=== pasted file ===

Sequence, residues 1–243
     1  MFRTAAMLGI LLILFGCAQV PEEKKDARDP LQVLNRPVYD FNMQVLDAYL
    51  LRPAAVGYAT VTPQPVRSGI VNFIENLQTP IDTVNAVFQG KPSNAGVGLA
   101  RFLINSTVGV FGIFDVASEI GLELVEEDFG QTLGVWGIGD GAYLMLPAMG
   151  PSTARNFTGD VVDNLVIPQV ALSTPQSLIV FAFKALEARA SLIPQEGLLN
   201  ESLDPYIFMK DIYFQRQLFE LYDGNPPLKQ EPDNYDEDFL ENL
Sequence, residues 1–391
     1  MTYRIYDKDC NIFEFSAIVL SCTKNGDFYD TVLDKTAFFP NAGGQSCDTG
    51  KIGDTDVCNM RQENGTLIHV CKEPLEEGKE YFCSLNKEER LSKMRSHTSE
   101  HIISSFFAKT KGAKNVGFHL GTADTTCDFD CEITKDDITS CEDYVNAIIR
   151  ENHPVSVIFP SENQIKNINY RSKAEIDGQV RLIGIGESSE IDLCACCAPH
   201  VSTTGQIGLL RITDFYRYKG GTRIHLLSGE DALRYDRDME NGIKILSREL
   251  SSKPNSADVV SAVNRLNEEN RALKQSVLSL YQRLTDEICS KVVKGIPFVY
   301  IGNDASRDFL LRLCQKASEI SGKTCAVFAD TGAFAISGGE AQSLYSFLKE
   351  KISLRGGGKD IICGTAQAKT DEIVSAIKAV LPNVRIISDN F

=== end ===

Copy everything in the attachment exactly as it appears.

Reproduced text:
Sequence, residues 1–243
     1  MFRTAAMLGI LLILFGCAQV PEEKKDARDP LQVLNRPVYD FNMQVLDAYL
    51  LRPAAVGYAT VTPQPVRSGI VNFIENLQTP IDTVNAVFQG KPSNAGVGLA
   101  RFLINSTVGV FGIFDVASEI GLELVEEDFG QTLGVWGIGD GAYLMLPAMG
   151  PSTARNFTGD VVDNLVIPQV ALSTPQSLIV FAFKALEARA SLIPQEGLLN
   201  ESLDPYIFMK DIYFQRQLFE LYDGNPPLKQ EPDNYDEDFL ENL
Sequence, residues 1–391
     1  MTYRIYDKDC NIFEFSAIVL SCTKNGDFYD TVLDKTAFFP NAGGQSCDTG
    51  KIGDTDVCNM RQENGTLIHV CKEPLEEGKE YFCSLNKEER LSKMRSHTSE
   101  HIISSFFAKT KGAKNVGFHL GTADTTCDFD CEITKDDITS CEDYVNAIIR
   151  ENHPVSVIFP SENQIKNINY RSKAEIDGQV RLIGIGESSE IDLCACCAPH
   201  VSTTGQIGLL RITDFYRYKG GTRIHLLSGE DALRYDRDME NGIKILSREL
   251  SSKPNSADVV SAVNRLNEEN RALKQSVLSL YQRLTDEICS KVVKGIPFVY
   301  IGNDASRDFL LRLCQKASEI SGKTCAVFAD TGAFAISGGE AQSLYSFLKE
   351  KISLRGGGKD IICGTAQAKT DEIVSAIKAV LPNVRIISDN F